Cal women's basketball season ends in close loss to Utah
The Bears end the season with six straight losses by single digits
I was in the stands for Cal’s loss to Washington State, but after spending eight hours in Berkeley last Saturday I decided I’d much rather write about a fun MBB win over Stanford than a WBB loss that was like so many other losses Cal has experienced over the last month.
In January, Cal played all of two Pac-12 games, both heavily impacted by COVID, and got blown out. They returned to the court in time for the toughest game on their schedule on the road against national title contender Stanford.
Since that point, the Bears have been largely whole and healthy, and have gone 1-8 against Pac-12 opponents, with an average margin of -5.7 points/game in that span. I suppose it is kinda funny that the one close game Cal managed to pull out was against former coach Lindsay Gottlieb.
Having watched more late game breakdowns than I would have expected over the past few weeks, I can’t help but get the feeling that the Bears have been letting the moment get to them - playing too aggressively on both ends in an effort to make something happen.
You saw it in the critical defensive possession of the game, when Cal pressed so strongly that the defense got out of position, which led Leilani Macintosh to close out a 3 too aggressively, which led Michelle Onyiah to close out a 2 point jumper too aggressively, and the result was an easy layup.
You saw it in the critical offensive possession, when Jayda Curry attacked the bucket too recklessly and lost control of the ball between a double team.
Meanwhile, it was Utah who played in control, earned good late shots, hit their free throws, and emerged with a close win. You can say that the Bears are young (they are!) and even more inexperienced than their age would suggest due to so many COVID cancellations (true!). But Utah’s rotation in this game was led by two freshmen and a sophomore; experience is relevant, but it isn’t destiny.
One storyline of the game was Pac-12 Freshman of the Year as voted by the coaches vs. Pac-12 Freshman of the Year as voted by the media. Unfortunately for us Bears, Utah’s Gianna Kneepkens (20 points on 13 shots, sheesh) won the team battle and the individual battle over Jayda Curry on the night.
The results from this singular game doesn’t change the fact that the coach’s vote was a very, very silly decision. When I saw that an 18.7 points/game scorer lost out to an 11.7 points/game scorer, I figured that there must be some reason; maybe Kneepkens had a crazy high shooting percentage, or she was a brilliant rebounder or a gifted passer or piled up a ton of defensive counting stats or SOMETHING that would make up for such a significant scoring gap.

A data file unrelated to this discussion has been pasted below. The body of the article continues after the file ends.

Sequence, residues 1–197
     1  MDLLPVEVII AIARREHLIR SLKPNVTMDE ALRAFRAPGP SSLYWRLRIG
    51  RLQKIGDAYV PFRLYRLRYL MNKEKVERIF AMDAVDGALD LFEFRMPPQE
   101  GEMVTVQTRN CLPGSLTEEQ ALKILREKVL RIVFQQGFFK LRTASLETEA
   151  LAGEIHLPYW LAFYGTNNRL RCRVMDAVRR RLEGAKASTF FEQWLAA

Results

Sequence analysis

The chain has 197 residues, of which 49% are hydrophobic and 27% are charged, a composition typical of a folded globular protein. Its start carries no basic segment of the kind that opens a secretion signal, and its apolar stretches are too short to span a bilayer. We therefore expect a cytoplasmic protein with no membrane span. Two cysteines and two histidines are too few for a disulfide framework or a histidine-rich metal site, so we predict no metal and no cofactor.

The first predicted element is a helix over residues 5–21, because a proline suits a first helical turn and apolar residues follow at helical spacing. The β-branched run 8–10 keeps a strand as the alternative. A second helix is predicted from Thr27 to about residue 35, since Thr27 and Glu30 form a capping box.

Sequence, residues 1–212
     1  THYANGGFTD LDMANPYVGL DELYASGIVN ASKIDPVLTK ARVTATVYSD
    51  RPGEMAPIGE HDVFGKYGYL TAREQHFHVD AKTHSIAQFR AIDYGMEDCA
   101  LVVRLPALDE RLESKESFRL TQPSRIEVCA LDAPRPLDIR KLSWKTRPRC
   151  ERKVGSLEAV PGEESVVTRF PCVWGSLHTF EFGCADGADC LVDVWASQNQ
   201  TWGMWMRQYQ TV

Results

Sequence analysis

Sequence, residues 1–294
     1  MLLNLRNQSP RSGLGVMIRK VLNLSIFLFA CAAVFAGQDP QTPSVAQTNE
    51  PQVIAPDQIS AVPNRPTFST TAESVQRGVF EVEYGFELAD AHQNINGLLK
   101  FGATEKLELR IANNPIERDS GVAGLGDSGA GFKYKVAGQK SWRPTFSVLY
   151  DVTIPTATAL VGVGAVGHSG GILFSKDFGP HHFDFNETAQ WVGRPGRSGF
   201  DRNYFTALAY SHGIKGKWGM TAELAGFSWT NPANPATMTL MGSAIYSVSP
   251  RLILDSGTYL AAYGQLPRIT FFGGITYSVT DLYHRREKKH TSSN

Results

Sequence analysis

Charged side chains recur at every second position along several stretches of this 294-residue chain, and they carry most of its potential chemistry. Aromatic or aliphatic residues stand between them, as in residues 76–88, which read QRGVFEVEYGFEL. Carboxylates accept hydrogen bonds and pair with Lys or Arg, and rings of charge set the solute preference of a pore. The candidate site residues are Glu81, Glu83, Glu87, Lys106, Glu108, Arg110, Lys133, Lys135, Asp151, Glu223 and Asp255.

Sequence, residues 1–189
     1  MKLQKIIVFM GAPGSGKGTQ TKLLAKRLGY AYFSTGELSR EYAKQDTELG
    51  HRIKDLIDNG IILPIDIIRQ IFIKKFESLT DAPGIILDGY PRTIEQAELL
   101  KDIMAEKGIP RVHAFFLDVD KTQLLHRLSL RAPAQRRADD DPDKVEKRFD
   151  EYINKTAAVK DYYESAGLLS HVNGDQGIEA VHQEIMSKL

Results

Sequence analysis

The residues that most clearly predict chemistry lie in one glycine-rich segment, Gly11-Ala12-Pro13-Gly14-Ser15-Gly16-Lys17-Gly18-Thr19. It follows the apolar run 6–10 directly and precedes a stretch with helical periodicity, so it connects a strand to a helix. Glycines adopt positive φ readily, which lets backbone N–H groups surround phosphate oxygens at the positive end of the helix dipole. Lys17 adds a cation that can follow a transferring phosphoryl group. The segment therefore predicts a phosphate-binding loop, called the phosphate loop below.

Because I’ll be the first to admit that Jayda Curry isn’t yet an efficient scorer, and I was open to the idea that maybe Kneepkens had other strengths that would make up for the points.
Except there aren’t. Kneepkens has 5 inches on Curry but barely outrebounds the Cal guard. Curry has twice as many assists and more steals. Kneepkens is only marginally more efficient as a scorer. And Utah’s defense was ever so slightly worse than Cal’s defense in Pac-12 play, so you can’t even argue that there’s some sort of clear defensive value either.
In short the coaches got it wrong, which might have something to do with the fact that Cal played so few Pac-12 games and the coaches didn’t get a chance to see Curry in person more than a game each (at best).
A sneaky reason Cal lost this game, and also a sneaky reason Cal almost won the game?
Dalayah Daniels picked up an AWFUL 2nd foul on a phantom charge, then picked up a questionable 3rd foul right before halftime just after re-entering the game. When Daniels played she was excellent on offense, but her defense late in the game was passive, because foul trouble dictated that she couldn’t challenge shots. It played a major role in Utah’s late game offensive success, and I wouldn’t be surprised if Utah was explicitly attacking a key player with four fouls.
Except that Michelle Onyiah had a massive, break-through game playing behind Daniels. Cal’s sophomore forward went for 14 points (on 7 shots!), 8 rebounds, and 2 blocks in 23 minutes. She had to leave the game after suffering what appeared to be a serious injury in the 4th quarter, though she re-entered the game in the final minute to the relief of everybody.
Onyiah’s strong play was the biggest encouraging sign from this game, as Cal really could use another strong interior defender and rebounder. I still have my concerns about the extent to which Cal tries to force the ball into the post at times when you have shooters like Curry and Green, but if that’s the game Cal wants to play then they need a player like Onyiah to play like she did against Utah.
Of course, we’ve seen individual flashes from individual players in each and every one of these close losses. The hope over the off-season is that Cal will get those kinds of games more frequently, and in sync as a team.
There’s no guarantee that it will happen. Nut it’s better to have that possibility, that hope that it could all come together to make something more. It’s what’s going to have to sustain you for the next 8 months.